Simon continued to work at Pentair's facility in July and August, where he worked alongside other temporary workers, including Spencer Robertson. In September, Simon alleged he sustained an injury while working and filed another workers' compensation claim; the medical records indicate this injury was a bite on the arm caused by a nonvenomous insect. At this time, Simon was given medicine and restricted to minimal use of his right arm for a few days. A month later, in November, Simon reported another injury. The diagnosis was another nonvenomous insect bite to his arm. The medical report indicated that no medication was needed because Simon had reached "maximum medical improvement." Simon continued to work at Pentair's facility for a few more weeks, at which point he was informed that he would no longer be needed at Pentair. Simon claims he was terminated in December 2013, but both appellees claim he ceased working at Pentair in November 2013, because Pentair's temporary assignment was completed.[1] Kelly Services later placed Simon with another company as a temporary employee, where he remained until June 2014 when he was hired on a permanent basis.

         In September 2015, Simon sued both Pentair and Kelly Services, asserting multiple claims. In response, both appellees filed traditional motions for summary judgment as to Simon's claims based on the exclusive-remedy provision of the Texas Workers' Compensation Act ("TWCA"). After the trial court granted the motions, Simon filed his second and third amended petitions, alleging retaliatory discharge and an intentional tort. Simon disputed the reason for his dismissal from Pentair and contended he was retaliated against because of his workers' compensation claims, in violation of the TWCA. Simon also contended he was intentionally injured by appellees because after his first outbreak, they knew with substantial certainty that he would be injured from continuing to work with moldy crates. As alleged by Simon, appellees forced him to continue working with the crates anyway, causing his illness to worsen to such a degree that he had to be hospitalized.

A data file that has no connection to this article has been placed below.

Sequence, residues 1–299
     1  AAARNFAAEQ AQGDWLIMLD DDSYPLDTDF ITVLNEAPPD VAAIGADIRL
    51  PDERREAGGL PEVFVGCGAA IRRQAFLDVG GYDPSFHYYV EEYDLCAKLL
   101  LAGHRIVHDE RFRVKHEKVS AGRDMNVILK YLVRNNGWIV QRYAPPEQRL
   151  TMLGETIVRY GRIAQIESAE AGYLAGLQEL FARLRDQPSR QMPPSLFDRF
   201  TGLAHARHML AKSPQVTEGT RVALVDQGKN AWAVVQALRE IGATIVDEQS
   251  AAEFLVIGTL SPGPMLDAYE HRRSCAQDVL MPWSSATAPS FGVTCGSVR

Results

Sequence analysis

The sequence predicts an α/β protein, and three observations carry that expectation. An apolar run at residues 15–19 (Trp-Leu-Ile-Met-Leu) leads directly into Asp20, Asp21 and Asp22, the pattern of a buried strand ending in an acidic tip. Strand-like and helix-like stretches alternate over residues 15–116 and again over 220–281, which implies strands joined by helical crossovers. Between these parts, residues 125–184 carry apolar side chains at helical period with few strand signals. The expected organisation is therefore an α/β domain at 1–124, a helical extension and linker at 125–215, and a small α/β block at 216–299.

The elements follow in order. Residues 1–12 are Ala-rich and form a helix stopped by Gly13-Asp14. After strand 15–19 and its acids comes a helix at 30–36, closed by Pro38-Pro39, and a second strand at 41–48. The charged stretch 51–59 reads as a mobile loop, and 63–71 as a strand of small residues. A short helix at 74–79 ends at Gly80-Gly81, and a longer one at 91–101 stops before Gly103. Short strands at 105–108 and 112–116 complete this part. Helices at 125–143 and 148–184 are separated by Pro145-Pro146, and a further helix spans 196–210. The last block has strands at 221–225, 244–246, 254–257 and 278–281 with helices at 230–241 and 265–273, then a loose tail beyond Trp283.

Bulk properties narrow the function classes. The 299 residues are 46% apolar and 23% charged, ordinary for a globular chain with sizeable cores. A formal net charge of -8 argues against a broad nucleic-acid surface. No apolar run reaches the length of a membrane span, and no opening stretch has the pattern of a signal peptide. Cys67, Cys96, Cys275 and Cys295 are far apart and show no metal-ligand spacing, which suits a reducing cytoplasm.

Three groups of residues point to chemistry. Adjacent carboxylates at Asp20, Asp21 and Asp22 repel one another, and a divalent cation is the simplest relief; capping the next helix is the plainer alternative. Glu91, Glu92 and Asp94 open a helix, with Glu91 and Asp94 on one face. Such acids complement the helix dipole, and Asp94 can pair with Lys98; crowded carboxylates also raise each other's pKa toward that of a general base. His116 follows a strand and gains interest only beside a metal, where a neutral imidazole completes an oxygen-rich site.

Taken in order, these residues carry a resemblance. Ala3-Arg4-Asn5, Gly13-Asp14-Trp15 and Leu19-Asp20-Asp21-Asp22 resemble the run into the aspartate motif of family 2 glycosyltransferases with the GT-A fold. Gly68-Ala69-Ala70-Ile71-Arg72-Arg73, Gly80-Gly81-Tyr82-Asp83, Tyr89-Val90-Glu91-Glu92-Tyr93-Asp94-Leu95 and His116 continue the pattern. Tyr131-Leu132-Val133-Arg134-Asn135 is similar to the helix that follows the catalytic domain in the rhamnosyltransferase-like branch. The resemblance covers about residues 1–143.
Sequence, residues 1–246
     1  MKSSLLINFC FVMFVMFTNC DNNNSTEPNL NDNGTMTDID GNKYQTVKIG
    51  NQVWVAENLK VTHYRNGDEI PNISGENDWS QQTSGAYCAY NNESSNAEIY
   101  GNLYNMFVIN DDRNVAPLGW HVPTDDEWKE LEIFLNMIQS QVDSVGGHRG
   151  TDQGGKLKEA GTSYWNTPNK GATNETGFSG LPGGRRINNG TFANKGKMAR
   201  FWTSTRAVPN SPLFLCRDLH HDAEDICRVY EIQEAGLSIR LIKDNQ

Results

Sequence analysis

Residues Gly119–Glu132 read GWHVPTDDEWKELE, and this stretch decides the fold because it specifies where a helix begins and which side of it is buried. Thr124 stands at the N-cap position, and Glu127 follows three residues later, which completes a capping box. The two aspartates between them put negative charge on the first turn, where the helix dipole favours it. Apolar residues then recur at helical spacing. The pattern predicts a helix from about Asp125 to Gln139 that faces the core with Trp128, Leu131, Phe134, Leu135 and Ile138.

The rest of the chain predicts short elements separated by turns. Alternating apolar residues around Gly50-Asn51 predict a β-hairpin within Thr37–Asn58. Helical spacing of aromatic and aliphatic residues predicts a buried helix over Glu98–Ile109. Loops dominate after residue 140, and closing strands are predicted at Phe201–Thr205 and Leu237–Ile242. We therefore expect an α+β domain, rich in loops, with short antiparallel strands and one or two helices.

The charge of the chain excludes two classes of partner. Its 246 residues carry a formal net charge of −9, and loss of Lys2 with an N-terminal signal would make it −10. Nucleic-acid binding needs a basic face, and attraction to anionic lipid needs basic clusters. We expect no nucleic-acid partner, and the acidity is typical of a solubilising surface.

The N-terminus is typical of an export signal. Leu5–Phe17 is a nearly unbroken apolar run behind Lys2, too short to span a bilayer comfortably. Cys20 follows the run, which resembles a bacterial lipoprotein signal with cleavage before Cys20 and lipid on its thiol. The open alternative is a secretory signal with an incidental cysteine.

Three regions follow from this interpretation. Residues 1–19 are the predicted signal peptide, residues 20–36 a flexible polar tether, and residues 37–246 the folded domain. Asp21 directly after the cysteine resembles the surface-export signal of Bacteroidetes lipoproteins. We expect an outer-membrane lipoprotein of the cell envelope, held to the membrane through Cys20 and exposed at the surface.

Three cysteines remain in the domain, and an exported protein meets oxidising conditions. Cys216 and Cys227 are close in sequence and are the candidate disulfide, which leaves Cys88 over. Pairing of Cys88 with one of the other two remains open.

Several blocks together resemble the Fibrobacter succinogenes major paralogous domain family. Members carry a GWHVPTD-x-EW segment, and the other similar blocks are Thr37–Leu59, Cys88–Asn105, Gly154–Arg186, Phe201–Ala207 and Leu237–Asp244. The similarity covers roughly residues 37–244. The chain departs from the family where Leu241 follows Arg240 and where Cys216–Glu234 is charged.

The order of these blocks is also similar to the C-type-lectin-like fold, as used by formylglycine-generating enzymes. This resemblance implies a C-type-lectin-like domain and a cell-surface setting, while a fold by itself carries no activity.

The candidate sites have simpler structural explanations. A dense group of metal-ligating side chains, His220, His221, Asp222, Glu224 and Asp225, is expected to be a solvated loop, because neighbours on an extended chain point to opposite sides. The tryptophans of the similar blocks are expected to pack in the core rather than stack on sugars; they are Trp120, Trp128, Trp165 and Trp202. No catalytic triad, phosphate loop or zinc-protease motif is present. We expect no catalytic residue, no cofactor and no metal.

Each appellee filed a separate no-evidence motion for summary judgment. As to Simon's retaliation claim, appellees asserted there was no evidence that Simon's employment was (1) terminated or (2) terminated because Simon filed a workers' compensation claim. As to Simon's intentional-tort claim, each of the appellees asserted there was no evidence of any intentional conduct by it. The trial court granted each no-evidence motion for summary judgment as to both of Simon's claims. The trial court also signed orders sustaining objections to Simon's proffered summary judgment evidence. Simon then filed this appeal.

         Analysis

         Simon contends that the trial court erred when it granted both appellees no-evidence summary judgment on his retaliation and intentional-tort claims. We conclude Simon did not meet his burden of presenting more than a scintilla of probative evidence raising a genuine issue of material fact as to the elements challenged by appellees in their summary judgment motions.

         I. Standard of review

         We review summary judgments de novo. Valence Operating Co. v. Dorsett, 164 S.W.3d 656, 661 (Tex. 2005). We take as true all evidence favorable to the nonmovant, indulging every reasonable inference and resolving all doubts in the nonmovant's favor. Dias v. Goodman Mfg. Co., L.P., 214 S.W.3d 672, 675-76 (Tex. App.-Houston [14th Dist.] 2007, pet. denied). A movant may obtain a no-evidence summary judgment if there is no ...